Tuesday, April 10 2007
With The Bird of Music, Au Revoir Simone continue their quest to make the prettiest music you've ever heard.
Folk-based tracks about sinister, self-effacing, and downright creepy characters taking on love, loss, and damaging family histories all set in vaguely historical time periods.
MTV emo's bastard children, a seriously boring rehash of old ideas from another in seemingly endless groups of guys in tight jeans.
This four-song EP could go straight into the abyss, but is thankfully saved by a very smart and stylish approach from former Atombombpocketknife singer Justin Sinkovich.
Monday, April 9 2007
The Moog come roaring straight out of Budapest playing an infectious brand of catchy, garage rock.
Jason Quever's brand of pop is timeless and oh so delightful.
Moody Berlin electro-pop singer's debut is a fine little album for soundtracking your mildly bummed-out day.
Copping a feel from orchestral electronic masters E.S. Posthumus, the producers behind Blue Stone manage to build mid-tempo dance beats and liquid piano notes around an anonymous array of feather-voiced vixens
Good, but nothing to get your knickers in a boy scout knot over.
Sunday, April 8 2007
His vision of England was one of forgotten, decaying sink estates overrun with crack and smack, teenage violence, underage sex and broken families.
Sur La Mer, the ambient instrumental project of musician Atsu Nagayama, give us a small introduction to their sound on Prelude to the Sea
Finnish goth/prog-rockers, Magenta Skycode's debut album IIIII is a mixed bag that offers moments of dazzling brilliance that shine amid stumbling blocks of monotony that show substantial promise for future efforts.
The Western States Motel’s self-titled debut present songs oriented around wandering melodies, shuffling guitars, and a slow yet steady sense of motion.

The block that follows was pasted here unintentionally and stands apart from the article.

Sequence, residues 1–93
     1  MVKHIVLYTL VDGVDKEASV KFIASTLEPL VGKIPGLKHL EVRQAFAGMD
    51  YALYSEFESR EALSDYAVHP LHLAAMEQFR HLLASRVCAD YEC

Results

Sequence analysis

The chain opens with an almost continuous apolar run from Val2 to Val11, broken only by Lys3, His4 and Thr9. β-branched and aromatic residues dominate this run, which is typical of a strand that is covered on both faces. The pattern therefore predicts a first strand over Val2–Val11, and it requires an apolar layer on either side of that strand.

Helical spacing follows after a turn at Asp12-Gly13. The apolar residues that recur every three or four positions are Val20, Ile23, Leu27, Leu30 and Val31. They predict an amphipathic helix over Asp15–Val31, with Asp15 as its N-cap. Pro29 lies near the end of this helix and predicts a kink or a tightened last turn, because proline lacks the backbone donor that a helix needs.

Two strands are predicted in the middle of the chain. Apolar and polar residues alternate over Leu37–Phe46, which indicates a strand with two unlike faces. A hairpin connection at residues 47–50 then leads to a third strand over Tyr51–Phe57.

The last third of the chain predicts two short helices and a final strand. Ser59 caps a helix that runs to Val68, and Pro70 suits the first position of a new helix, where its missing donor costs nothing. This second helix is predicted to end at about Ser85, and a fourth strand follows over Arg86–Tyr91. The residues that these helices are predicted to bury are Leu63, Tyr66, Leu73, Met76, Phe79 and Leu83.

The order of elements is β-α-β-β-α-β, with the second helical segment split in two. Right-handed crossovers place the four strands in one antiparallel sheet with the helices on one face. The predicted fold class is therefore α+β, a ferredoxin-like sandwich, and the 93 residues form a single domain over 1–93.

Utah’s own Blackhole can also claim that they have no guitars -- instead employing the use of two mighty bassists, to give the hard-rockers a deep, heavy sound that bleeds through on every track of their eponymous LP.
Thursday, April 5 2007
Kinetic, the debut full-length from Irish sister duo Jessie & Layla, is one of the happiest little surprises of early 2007.
Backyard Tire Fire is one of those bands that you just hate. Not because they’re terrible, but because they’re a band so unique, distinct, amazing and talented that you get frustrated about them getting ignored by the mainstream again and again.
This may be David Rovics' 14th album, but you'd be mistaken to think that the American protest singer and anti-war activist has lost any of his passion or fight.
"The Birds Are Crying" is a lot like Foreigner's "Double Vision". But with more dancing.
With skillful mixes of pioneers, such as Coldcut, and to the more obscure, such as, Dutch wave band New Musik, the album isn’t for glow stick weekend superstars.
Wednesday, April 4 2007
The Bloody Hollies are a bass-less, blues-drenched riff monster fronted by a powerfully hoarse singer-guitarist, and they will turn your ears and limbs to jelly if you let them, which you should.